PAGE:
Trends: Since its passage, the parameters of Title VII have continually expanded, and now prohibit sexual harassment, pregnancy discrimination, and more.

In fact just recently, in Macy v. Holder, EEOC No. 012012082, the EEOC ruled that employment discrimination based on gender identity or transgender status is prohibited under Title VII as a form of unlawful sex discrimination.

However, employers should keep in mind that the US Supreme Court has reinforced the notion that religious entities are exempt from Title VII.

In 2012, the Court ruled in Hosanna-Tabor Evangelical Lutheran Church and School v. EEOC, 132 S. Ct. 694 (2012), that the ministerial exception under Title VII and the First Amendment prohibited a teacher who performed religious functions at a parochial school from bringing a claim for employment discrimination.

Author: Beth P. Zoller, JD, Legal Editor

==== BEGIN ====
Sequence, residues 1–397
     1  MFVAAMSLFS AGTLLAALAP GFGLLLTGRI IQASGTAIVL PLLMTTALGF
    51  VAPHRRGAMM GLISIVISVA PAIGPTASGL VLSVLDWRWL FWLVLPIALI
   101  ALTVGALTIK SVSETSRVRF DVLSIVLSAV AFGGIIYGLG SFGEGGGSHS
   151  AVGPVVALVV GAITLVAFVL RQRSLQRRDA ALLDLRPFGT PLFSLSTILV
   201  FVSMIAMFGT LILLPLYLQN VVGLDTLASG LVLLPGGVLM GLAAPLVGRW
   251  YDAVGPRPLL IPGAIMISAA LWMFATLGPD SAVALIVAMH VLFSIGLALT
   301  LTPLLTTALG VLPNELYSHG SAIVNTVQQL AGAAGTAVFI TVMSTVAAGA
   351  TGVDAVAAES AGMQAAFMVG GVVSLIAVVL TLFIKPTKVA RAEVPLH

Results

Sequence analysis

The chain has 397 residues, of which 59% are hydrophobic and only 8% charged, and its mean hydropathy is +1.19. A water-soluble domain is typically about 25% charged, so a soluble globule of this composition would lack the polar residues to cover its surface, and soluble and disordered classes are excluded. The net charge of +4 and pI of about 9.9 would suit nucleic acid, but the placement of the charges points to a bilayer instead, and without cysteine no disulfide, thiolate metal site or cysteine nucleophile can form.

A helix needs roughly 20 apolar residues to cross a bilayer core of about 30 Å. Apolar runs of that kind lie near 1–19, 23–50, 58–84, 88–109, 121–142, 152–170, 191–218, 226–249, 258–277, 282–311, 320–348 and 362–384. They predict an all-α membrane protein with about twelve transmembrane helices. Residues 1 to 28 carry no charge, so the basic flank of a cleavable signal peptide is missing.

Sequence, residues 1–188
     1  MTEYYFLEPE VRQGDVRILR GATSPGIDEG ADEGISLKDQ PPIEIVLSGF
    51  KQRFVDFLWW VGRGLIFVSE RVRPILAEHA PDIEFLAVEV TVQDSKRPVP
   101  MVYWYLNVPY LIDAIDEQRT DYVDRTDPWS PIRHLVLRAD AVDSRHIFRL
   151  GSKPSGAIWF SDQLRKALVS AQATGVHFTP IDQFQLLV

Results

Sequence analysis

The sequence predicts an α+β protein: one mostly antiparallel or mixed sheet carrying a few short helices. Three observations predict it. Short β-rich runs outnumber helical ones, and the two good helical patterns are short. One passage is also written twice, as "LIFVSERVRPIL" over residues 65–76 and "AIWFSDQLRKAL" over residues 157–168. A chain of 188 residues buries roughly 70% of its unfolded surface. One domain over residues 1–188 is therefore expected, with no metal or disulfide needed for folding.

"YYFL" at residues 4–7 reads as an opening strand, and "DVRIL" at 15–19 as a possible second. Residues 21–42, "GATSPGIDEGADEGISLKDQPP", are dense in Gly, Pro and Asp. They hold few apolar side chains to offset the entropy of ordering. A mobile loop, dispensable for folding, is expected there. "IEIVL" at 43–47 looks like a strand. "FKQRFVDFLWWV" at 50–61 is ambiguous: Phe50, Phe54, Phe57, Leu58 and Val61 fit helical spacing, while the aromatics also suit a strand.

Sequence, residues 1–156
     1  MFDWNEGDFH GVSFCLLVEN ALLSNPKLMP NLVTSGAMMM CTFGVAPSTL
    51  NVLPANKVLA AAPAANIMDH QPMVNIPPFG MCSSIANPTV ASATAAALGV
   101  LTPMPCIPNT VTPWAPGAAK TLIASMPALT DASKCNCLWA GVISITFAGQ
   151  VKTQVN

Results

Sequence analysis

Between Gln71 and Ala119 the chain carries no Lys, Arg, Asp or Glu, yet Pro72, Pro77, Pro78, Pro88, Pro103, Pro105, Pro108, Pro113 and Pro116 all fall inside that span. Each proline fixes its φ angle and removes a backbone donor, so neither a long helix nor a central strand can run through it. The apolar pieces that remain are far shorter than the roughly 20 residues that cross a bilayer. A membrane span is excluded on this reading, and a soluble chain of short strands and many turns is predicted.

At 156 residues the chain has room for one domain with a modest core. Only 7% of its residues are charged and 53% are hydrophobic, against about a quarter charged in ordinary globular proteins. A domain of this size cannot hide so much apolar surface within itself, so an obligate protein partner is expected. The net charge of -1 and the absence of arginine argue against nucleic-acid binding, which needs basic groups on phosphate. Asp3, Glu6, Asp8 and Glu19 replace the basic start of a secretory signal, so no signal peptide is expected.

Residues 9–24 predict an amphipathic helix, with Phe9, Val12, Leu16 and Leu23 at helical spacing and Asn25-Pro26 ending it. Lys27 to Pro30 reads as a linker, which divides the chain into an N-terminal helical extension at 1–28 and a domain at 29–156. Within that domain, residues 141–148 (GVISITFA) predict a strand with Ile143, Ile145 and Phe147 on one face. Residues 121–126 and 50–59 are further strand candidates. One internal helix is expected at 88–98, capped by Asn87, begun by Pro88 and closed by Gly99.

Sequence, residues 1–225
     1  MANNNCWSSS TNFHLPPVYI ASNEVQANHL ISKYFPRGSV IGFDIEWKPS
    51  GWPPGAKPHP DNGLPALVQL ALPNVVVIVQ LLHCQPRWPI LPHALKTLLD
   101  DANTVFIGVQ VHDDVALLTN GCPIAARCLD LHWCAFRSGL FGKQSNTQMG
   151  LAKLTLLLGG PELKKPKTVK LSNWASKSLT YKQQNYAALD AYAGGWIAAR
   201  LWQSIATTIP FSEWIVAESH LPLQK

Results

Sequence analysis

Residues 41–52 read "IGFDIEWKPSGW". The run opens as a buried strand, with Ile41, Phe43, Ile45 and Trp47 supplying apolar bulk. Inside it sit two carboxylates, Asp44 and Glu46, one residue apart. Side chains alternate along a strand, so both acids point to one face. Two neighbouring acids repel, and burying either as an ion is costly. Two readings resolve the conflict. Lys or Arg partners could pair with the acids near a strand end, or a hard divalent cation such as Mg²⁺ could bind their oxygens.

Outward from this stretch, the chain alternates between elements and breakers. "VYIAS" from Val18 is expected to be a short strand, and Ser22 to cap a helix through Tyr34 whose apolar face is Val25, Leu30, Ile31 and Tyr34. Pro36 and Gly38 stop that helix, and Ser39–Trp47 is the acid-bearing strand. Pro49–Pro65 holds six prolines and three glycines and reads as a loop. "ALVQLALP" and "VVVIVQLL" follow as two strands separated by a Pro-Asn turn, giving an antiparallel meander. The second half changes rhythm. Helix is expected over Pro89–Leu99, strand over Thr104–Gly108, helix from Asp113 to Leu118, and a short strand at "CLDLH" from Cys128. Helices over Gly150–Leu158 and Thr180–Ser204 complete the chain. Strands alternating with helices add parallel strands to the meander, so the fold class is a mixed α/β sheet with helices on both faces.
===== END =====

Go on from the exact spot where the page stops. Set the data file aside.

Latest items in Title VII (The Civil Rights Act of 1964)

  • How to Prepare and File an EEO-1 Report

    Type:
    How To

    This How To can help prudent employers prepare and file the EEO-1 Report with the Equal Employment Opportunity Commission (EEOC).

  • EEO-1 Report: New How To Added

    Date:
    August 10, 2016
    Type:
    Editor's Choice

    To guide employers on how to gather and compile information to draft and file the EEO-1 Report, XpertHR's content has been enhanced with How to Prepare and File an EEO-1 Report.

  • 7th Circuit Rules Title VII Does Not Prohibit Sexual Orientation Bias

    Date:
    August 8, 2016
    Type:
    News